Yesterday we took delivery of a 32Gb Surface with touch cover. It is a strange device in many respects.
The natural thing with which to compare it seems to be the 32Gb iPad with smart cover: they are most similar on paper. In reality the 16Gb iPad is a fairer comparator because it comes with about 14Gb of usable space and the Surface only has a little more at 15.5Gb. In use, the surface seems to be intermediate in speed between my iPad 1 and iPad 2; perhaps on the level of the iPad 3 (its retina screen really slows it down). Unfortunately the surface doesn’t have that extreme-resolution screen to use as an excuse.
I have to blame Windows RT for the slowness: on paper the Surface should be 160% faster as it has 4 cores at 1.3GHz rather than 2 at 1.0GHz. It also has 4 times as much RAM. Maybe Microsoft forgot to use an optimising compiler. Comparing the launch time of their respective maps apps after a cold boot, the iPad was showing me a map with my location around 5 seconds before the loading splash screen on the Surface was dismissed.
The closest Apple thing in my opinion is therefore the 16Gb iPad 2. The 32Gb surface with touch cover will cost you £480 whereas the 16Gb iPad 2 plus a smart cover will now set you back £290. So yeah, Surface is nor priced to compete with its competition.
Windows RT has Office exclusively but not a lot else you can’t get on iOS. iOS has GarageBand, iMovie and a whole bunch of third-party apps which are not (yet) available for Windows RT. The Apple iWork apps are a better tablet office than Office on Windows RT.
Physically the two devices are similar in thickness at the thickest point, but the iPad’s smoothly curved edge makes it feel a little smaller. The built-in stand on the surface is a much better solution than the fold-around smart-cover stand on the iPad 2, particularly on dirty surfaces; the part of the iPad smart cover which touches the surface it’s standing on is one of the segments which is in contact with the screen.
The touch cover keyboard seems like a good idea but is actually slightly more difficult to type on than the iPad onscreen keyboard. You need to use it rather than the on-screen one because the on-screen keyboard leaves very little space uncovered in landscape mode. The built-in trackpad thing works quite well, again you will need to use it because Windows RT does not make any other provision for precisely positioning the cursor in text fields.
The wider screen on the surface is better for watching widescreen movies and TV but makes the device essentially landscape-only; it is too weird in portrait. Reading books in portrait on iPad works really well. I can’t see myself using the surface standing up as a handheld device, which I frequently do with the iPad.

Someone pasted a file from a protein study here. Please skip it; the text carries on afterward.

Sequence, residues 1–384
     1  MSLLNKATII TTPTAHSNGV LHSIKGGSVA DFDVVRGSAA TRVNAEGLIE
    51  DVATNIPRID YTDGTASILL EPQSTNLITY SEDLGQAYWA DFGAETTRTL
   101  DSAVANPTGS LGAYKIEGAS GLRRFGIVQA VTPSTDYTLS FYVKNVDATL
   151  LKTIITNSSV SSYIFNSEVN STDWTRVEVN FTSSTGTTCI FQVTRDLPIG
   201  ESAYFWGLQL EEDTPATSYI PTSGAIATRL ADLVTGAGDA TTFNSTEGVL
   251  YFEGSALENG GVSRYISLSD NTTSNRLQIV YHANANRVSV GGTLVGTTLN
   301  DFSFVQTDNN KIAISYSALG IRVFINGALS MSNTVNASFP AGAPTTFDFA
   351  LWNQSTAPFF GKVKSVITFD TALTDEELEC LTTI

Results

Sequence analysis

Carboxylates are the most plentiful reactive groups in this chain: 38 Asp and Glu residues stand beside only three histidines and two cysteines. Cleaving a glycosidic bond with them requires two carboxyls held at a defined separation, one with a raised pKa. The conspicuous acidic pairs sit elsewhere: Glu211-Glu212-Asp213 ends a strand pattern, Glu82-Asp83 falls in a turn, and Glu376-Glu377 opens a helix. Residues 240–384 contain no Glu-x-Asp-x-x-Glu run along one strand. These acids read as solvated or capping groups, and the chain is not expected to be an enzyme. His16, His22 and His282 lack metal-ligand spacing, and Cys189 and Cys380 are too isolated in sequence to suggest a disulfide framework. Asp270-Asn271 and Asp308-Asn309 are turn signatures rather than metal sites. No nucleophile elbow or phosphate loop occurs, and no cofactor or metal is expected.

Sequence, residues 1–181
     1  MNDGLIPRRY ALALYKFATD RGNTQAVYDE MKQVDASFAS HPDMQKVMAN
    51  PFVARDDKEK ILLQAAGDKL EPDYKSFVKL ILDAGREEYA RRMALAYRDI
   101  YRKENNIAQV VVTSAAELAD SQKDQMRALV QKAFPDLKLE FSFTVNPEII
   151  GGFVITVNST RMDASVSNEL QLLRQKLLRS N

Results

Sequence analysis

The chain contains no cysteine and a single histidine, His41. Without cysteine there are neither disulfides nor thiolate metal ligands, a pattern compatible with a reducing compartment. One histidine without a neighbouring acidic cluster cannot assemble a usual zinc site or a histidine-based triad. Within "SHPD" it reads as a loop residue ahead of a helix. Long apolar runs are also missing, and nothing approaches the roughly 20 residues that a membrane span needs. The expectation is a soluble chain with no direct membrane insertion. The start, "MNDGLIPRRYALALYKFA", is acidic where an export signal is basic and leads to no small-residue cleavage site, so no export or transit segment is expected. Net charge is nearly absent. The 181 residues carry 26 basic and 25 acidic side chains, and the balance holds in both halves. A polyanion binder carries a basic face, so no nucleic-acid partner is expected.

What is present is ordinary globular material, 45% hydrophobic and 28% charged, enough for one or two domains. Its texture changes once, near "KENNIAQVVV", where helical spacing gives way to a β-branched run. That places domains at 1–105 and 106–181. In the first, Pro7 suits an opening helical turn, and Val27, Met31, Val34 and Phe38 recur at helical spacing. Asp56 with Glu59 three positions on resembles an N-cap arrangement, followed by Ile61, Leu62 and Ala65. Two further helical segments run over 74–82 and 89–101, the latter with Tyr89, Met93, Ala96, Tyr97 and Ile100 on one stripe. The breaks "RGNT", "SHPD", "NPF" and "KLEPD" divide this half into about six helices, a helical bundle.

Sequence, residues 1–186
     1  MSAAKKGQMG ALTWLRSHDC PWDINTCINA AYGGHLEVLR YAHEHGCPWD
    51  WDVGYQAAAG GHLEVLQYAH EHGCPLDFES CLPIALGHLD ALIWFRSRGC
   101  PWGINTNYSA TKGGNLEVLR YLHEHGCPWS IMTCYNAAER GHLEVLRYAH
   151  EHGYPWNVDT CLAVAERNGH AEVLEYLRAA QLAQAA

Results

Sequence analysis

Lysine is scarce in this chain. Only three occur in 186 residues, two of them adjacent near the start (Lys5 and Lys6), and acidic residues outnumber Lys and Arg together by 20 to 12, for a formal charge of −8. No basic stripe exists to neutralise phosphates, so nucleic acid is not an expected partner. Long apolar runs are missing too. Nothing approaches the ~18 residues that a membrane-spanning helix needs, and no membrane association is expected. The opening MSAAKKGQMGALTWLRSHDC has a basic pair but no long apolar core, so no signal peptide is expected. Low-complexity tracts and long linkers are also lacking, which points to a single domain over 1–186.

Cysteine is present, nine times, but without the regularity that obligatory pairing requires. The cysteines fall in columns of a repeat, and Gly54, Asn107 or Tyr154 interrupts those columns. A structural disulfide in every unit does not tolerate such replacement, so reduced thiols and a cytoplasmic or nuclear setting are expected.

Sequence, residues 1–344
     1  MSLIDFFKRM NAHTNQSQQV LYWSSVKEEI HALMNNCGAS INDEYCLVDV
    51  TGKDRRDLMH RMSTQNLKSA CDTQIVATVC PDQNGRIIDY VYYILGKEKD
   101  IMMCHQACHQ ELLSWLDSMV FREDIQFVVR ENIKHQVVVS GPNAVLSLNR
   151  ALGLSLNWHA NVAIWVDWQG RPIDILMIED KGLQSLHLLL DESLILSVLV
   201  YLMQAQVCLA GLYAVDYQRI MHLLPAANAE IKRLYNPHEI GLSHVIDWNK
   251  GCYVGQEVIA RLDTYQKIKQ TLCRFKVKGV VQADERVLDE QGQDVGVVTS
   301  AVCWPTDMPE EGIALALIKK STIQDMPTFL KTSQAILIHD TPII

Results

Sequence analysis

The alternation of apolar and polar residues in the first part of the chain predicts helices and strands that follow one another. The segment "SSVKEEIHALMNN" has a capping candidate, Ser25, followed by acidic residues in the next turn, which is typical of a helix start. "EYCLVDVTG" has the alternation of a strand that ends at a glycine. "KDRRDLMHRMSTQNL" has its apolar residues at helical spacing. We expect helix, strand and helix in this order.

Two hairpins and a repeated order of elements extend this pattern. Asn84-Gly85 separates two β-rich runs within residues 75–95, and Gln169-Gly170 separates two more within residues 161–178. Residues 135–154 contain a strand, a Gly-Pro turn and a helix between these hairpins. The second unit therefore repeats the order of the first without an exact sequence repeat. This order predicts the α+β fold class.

Appearance-wise I think the Surface is more stylish, at least until you put the touch cover on and cover the back with fingerprints.
Surface is slightly more readily expandable: it has a MicroSD card slot and a USB A port. To use either with iPad you need to use the camera connection kit, which is a little tedious. In either case you will need to connect a powered hub to plug in more than one thing or supply juice to high-draw devices.
Password entry fields on iPad show the character you just typed unobscured very briefly; this means you get to see whether you are typing accurately and realistically does not compromise security because anyone who can see it can also see where your fingers are anyway. Sadly Windows RT has not adopted this, instead giving you a button which briefly exposes your entire password in the clear. This is a terrible “solution” compared to the iPad mechanism: it does not help you discover mistakes, it only lets you confirm the mistakes you already think you made.
The battery life on the Surface seems worse than on iPad, but see elsewhere for scientific analysis. It is a pain in the arse to charge as well: you have to use its power brick in a wall outlet; with an iPad you can do that or plug it into a desktop’s USB port, which I find more convenient. The Surface power cord is very short as well, I cannot have it plugged in and use it at the same time in my living room.
The overall experience is quite disappointing, it seems like Windows RT is a port of desktop Windows from 10 years ago with a half-finished tablet shell bolted on the front of it. It does not take long before you tap something that dumps you into a Windows 2000-esque wizard; in my case it was importing the CA Certificate I use to secure this blog. As a side note, the wizard didn’t do as good a job as it used to and I had to run MMC and load two specific snap-ins to sort it out; most people would not have known how to do it. On iPad there is no old-school part which they can dump you into so they have had to solve all the problems properly (and they have, for the most part). I would have preferred to see Microsoft go the same route and produce a proper tablet version of Office rather than the rather lazy looking port they seem to have done: if you imagine the result of globally replacing the word “click” with “tap” and recompiling for ARM you’ve got the idea.
If you have a lot of investment in Windows you are better-off buying a Windows netbook than a Surface as it will run all your existing software. If you don’t, you are better-off buying an iPad 2 than a Surface.